During the bitter war that devastated his beloved home state of Virginia and destroyed a generation of young men, Robert E. Lee lost everything but life itself and the good name he carried. He had three family estates destroyed by the enemy, including his plantation at Arlington, now the center of Arlington National Cemetery. His hopes for a strong and prosperous Virginia free from federal oppression and tyranny were dashed forever. His dearest friends were killed in battle. He lost a precious daughter to a high fever. Several grandchildren died during the war, and his son was severely wounded and languished many months in prison. After losing two grandchildren and then a daughter-in-law in quick succession, Lee wrote to his bereaved son, “Thus is link by link of the strong chain broken that binds us to earth, and smoothes our passage to another world.”

Robert E. Lee spent the final years of his life increasingly focused upon preparing for this “other world.” He declined many lucrative job offers, and accepted the presidency of a small college in Lexington, Virginia. His dear friend Stonewall Jackson lay buried in the town’s cemetery. As the president of Washington College, Lee made it his goal to train young men “to be good Christians.” He continued, “If that were accomplished, I should have nothing more to desire.”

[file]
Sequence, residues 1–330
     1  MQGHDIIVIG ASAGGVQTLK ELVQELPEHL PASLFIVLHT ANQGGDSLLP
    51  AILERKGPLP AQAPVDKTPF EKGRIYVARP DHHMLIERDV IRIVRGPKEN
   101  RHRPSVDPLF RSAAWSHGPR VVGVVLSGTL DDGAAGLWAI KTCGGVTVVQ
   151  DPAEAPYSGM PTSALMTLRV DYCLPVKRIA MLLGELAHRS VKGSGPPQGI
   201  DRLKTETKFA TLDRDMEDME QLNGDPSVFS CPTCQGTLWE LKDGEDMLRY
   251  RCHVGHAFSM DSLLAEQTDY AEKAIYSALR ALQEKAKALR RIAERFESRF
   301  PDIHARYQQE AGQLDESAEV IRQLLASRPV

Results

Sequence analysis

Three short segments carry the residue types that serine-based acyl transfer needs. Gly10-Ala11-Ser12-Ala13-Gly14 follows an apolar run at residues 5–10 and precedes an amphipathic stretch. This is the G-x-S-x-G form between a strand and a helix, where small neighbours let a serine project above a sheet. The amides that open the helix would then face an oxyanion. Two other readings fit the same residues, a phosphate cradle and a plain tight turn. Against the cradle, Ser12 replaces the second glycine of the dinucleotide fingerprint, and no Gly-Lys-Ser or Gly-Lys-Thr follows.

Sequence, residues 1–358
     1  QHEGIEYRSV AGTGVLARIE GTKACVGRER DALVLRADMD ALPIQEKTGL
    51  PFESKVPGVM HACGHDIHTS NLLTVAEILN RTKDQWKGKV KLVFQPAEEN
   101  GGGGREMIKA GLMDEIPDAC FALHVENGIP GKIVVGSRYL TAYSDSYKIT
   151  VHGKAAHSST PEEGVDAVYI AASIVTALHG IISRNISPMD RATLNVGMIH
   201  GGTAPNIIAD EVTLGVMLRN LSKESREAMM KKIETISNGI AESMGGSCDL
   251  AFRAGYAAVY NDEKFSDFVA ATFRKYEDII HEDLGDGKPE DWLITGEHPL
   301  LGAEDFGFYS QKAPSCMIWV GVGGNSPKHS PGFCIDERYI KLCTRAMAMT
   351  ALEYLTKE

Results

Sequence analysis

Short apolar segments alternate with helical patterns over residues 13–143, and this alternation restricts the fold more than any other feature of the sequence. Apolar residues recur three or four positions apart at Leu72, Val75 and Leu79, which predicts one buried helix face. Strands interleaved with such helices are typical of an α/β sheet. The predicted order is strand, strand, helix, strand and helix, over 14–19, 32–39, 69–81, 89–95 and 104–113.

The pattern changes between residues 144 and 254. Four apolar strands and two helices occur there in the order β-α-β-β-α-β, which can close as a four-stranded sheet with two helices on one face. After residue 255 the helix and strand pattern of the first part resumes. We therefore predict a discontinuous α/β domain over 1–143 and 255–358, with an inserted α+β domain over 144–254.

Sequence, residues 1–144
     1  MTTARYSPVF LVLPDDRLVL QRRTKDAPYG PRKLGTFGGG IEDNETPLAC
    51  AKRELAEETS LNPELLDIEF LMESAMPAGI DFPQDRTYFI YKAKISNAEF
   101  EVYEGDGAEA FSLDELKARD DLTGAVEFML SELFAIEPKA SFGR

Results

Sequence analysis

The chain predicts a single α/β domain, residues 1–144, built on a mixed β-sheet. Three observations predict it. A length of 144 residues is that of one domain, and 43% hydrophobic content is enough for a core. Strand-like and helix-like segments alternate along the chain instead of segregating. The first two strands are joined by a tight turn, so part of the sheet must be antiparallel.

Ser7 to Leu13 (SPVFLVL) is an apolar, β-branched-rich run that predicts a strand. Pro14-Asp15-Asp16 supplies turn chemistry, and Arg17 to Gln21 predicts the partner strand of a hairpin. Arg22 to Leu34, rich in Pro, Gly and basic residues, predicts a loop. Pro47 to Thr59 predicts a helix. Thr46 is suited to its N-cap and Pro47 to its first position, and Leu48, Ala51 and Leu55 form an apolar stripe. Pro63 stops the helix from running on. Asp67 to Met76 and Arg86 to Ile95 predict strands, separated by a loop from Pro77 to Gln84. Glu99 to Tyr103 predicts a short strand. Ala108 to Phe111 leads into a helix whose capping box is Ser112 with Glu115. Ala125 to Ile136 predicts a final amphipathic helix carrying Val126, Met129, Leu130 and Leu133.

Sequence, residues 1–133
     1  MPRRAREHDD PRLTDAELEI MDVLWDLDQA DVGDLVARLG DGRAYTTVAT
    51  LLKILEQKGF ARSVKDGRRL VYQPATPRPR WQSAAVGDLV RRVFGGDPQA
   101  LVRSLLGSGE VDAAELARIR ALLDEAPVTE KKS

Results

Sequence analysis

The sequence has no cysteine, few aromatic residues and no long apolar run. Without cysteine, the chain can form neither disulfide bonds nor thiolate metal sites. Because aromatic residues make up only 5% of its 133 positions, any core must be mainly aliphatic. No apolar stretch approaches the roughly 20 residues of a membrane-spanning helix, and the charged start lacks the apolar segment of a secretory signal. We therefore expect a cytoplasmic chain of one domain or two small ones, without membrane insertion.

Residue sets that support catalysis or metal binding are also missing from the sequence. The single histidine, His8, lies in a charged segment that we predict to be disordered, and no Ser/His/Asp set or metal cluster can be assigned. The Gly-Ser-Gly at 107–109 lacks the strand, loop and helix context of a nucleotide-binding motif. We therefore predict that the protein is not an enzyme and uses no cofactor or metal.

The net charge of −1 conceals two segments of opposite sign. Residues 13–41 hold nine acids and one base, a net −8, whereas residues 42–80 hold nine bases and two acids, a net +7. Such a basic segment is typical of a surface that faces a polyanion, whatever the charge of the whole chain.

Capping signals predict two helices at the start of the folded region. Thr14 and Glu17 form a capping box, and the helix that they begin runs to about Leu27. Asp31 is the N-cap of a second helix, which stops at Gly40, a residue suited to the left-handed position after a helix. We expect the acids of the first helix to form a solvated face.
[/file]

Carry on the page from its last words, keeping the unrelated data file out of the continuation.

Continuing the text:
Robert E. Lee encouraged Southern families not to be bitter over the results of the war but instead to trust in God’s eternal perspective. Lee taught his former soldiers to be hardworking citizens and to rebuild the homes and institutions that the war had destroyed. Today, the sprawling farms, the excellent universities, the prosperous industry, and the thriving churches of the American South are an enduring testimony to the legacy of Robert E. Lee. Lee knew that sometimes we as mortal men are discouraged by what we see as backward progress. He reminded people that God views history from an eternal perspective. What we see as discouraging circumstances may only be “the ebb of the advancing wave.” It is in this context that Lee said, “It is history that teaches us to hope.” At Lee’s funeral, the congregation sang “How Firm a Foundation,” the general’s favorite hymn.

A Baptist pastor named J. William Jones, who knew Lee intimately in his last years in Lexington, Virginia, said of him: “If I have ever come in contact with a sincere, devout Christian—one who, seeing himself to be a sinner, trusted alone in the merits of Christ—who humbly tried to walk the path of duty, looking unto Jesus as the author and finisher of his faith—and whose piety constantly exhibited itself in his daily life—that man was General Robert E. Lee.”

This article is from our Matters of Life & Death teaching series.